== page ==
The act of Congress donating public lands to the several States and territories which may provide colleges for the benefit of agriculture and the mechanic arts, approved July 2, 1862, granted to each State an area of land equal to 30,000 acres for each member of its representation in Congress under the census of 1860. States were required to express their acceptance within two years, but the time was extended two years later to July 2. 1866, and then extended again until July 2, 1867. In October, 1866, before a special session of the legislature, Governor Humphreys “earnestly recommended” that the grant be accepted and laws passed to take advantage of it. The legislature acted accordingly. But there was some politics involved, the relation of the State to the Union being a political issue. Governor Humphreys plainly intimated that he meant the transaction to show that Mississippi was no longer “an insurrectionary State.” He reported in his message of January 24, 1867, that he had received no reply to his communication to the Land office at Washington, and understood that the issue of scrip to the Southern States had been suspended. The land scrip was issued, covering an area of 210,000 acres, while General Alcorn was governor, in 1871, from the sale of which the receipts were $175,000, which was invested in Mississippi State bonds, of the face value of $190,000, for the benefit of agricultural departments to be added to the Oxford and Alcorn universities. Part of the scrip was burned in the great Chicago fire, and reissued by the Land office. $30,000 was advanced for the purchase of Oakland college for the Alcorn university. These bonds were due January 1, 1896, to the amount of $212,150.

An agricultural department of the University of Mississippi was organized in 1872, to be supported by State appropriations in addition to the Congressional endowment. The faculty of the department at Oxford was composed of the Chancellor Dr. John N. Wad-dell, Prof. C. W. Sears, Prof. L. C. Garland, Dr. George Little, Dr. E. W. Hilgard and Dr. J. A. Lyon, together with a number of adjunct professors. But in spite of “a strong and distinguished faculty, an excellent course of study, a farm well and conveniently located, and in every way adapted to the purposes of the Department of Agriculture, Horticulture and Botany, this school of agriculture and mechanic arts under the surroundings and environments of the University was not popular or attractive to students, consequently, comparatively few registered for work in that college, and during the six years of its existence in connection with the University, no evidence is found that a single student took the entire course or that a single graduate was turned out. After 1876, for lack of funds to properly equip the farm it was abandoned. ( Miss. A. & M. Coll., White.)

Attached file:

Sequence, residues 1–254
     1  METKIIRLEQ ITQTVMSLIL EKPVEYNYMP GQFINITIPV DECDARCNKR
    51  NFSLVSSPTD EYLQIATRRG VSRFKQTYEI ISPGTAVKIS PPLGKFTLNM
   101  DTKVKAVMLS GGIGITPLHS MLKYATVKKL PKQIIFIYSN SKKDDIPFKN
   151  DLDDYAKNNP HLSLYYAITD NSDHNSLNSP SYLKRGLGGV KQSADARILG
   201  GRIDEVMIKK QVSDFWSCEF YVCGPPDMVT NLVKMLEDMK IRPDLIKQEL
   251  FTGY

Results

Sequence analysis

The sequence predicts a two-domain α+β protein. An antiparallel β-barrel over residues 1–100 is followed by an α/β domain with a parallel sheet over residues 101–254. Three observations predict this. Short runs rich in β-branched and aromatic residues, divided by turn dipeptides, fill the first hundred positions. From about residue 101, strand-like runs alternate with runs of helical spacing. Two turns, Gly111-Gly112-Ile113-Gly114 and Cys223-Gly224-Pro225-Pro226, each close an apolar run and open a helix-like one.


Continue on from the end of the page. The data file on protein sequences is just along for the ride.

A determined effort was made by the farmers, and particularly by the State Grange, toward the establishment of an agricultural college. The Agricultural and Mechanical college was founded by an act of legislature approved February 28, 1878. The board of trustees, appointed under the act, were delayed by the yellow fever epidemic, and did not make the location until the following winter, at Starkville, where the citizens donated $9,000. The board purchased 350 acres for $2,450, and work was begun in July, 1879, on the first building, expected to cost $16,000. The expense so far was met by the Starkville donation, and the interest paid by the State on the bonds belonging to the fund. The legislature had appropriated for the new college a sum equal to that theretofore appropriated for Alcorn university, but had appropriated it out of the principal of the fund, which was unavailable, under the terms of the donation by Congress.

In 1884, Governor Lowry reported: “The college has received from the State in the aggregate $205,000.” This and the local donation, the land fund interest and the sale of $15,000 bonds under an act of 1882, supported the institution for three years. In 1880, Gen. Stephen D. Lee was elected president. His administration lasted until 1899, and the institution owes a very great proportion of its success and prosperity to his remarkable executive ability and powerful influence.

Ex-Governor John M. Stone succeeded General Lee, but died after only eleven months of service. He was followed by J. C. Hardy, A. M., the present head of the institution.

Its trustees have been men of high standing, who have taken great interest in the welfare of the college, some of them having been members of the board for many years. Col. W. B. Montgomery, one of the original trustees, remained on the board until 1904. Maj. T. C. Dockery was one of the original members and has served ever since, and Col. H. M. Street was a trustee for more than twenty years. The board in 1905 was Frank L. Hogan, T. C. Dockery, J. C. Bradford, James T. Harrison, T. L. Wainright, W. C. George, A. T. Dent, James W. Norment, W. A. Dickson, and the State superintendent.